• Bruno Dumont‘s Ma loute “will immerse audiences in the early 20th century, telling a tragi-comic tale set at a seaside resort in Pas de Calais, where two families that have absolutely nothing in common are at the centre of a raft of mysterious disappearances.”
  • Stéphane Brizé‘s A Simple Man, starring Vincent Lindon, “tells the story of a 51-year-old man who, after being unemployed for 18 months, starts a new job as a security guard in a supermarket. He soon finds himself faced with a moral dilemma when he is asked to keep tabs on his colleagues (who will be non-professional actors playing themselves).”
  • Then there’s Whit Stillman‘s Love & Friendship, “an adaptation of an unfinished novel by Jane Austen.”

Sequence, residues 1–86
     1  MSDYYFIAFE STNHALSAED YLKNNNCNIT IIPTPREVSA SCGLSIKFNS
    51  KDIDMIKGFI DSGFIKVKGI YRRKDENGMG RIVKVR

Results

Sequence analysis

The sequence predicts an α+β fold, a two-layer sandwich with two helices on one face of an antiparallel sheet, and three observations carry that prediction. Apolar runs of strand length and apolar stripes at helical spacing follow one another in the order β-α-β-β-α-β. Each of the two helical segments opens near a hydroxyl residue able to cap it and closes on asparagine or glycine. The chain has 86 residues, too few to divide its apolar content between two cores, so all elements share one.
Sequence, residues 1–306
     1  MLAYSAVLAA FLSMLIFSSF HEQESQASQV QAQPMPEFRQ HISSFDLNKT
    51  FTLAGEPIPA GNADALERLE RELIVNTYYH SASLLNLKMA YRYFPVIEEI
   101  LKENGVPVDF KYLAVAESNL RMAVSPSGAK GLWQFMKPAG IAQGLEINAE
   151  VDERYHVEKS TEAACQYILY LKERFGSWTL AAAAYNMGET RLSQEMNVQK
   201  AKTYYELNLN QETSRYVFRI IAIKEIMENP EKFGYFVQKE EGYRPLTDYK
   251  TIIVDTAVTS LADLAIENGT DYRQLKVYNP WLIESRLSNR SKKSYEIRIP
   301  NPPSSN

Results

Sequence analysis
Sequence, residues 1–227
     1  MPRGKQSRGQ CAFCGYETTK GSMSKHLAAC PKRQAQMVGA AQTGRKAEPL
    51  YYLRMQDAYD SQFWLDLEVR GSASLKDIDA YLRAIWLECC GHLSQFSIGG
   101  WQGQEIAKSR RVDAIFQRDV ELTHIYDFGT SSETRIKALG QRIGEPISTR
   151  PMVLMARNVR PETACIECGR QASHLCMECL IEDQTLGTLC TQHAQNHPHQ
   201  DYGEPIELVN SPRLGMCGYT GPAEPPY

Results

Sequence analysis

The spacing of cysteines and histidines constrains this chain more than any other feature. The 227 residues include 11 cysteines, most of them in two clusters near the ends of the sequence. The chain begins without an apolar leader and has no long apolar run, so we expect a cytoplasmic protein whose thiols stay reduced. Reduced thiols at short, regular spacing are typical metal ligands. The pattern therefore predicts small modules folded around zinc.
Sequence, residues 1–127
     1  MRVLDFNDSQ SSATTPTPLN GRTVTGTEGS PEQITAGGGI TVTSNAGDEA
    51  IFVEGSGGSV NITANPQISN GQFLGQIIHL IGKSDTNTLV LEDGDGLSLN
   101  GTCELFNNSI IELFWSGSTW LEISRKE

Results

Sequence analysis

• And Mehmet Can Mertoglu’s “black comedy” L’album photo.

“Satomi Ishihara, Yoko Maki and Takao Osawa will star in the new Takashi Miike film Kaze ni Tatsu Lion (The Lion Who Stands in the Wind), a drama about a Japanese doctor, Koichiro Shimada, working in Kenya,” reports Mark Schilling for Variety.


“The writer P.D. James, who charted the transformations of British life through bestselling crime fiction starring the detective Adam Dalgliesh, has died aged 94,” reports Richard Lea for the Guardian. “Writing outside the crime genre, her 1992 novel The Children of Men—set in a dystopian future—was adapted to critical acclaim for the cinema in 2006. She also scored a late hit in 2011 with Death Comes to Pemberley, a murder-mystery sequel to Jane Austen’s Pride and Prejudice.”


Catherine Grant‘s posted a massive Thanksgiving holiday roundup at Film Studies for Free. Reading, viewing and listening galore.

Listening (84’07”). Robert Longstreet is Adam Schartoff‘s guest on Filmwax Radio.

Viewing (1’24”). Martin Scorsese tells Rolling Stone about filming The Band’s 1976 farewell concert. The Last Waltz was released in 1978.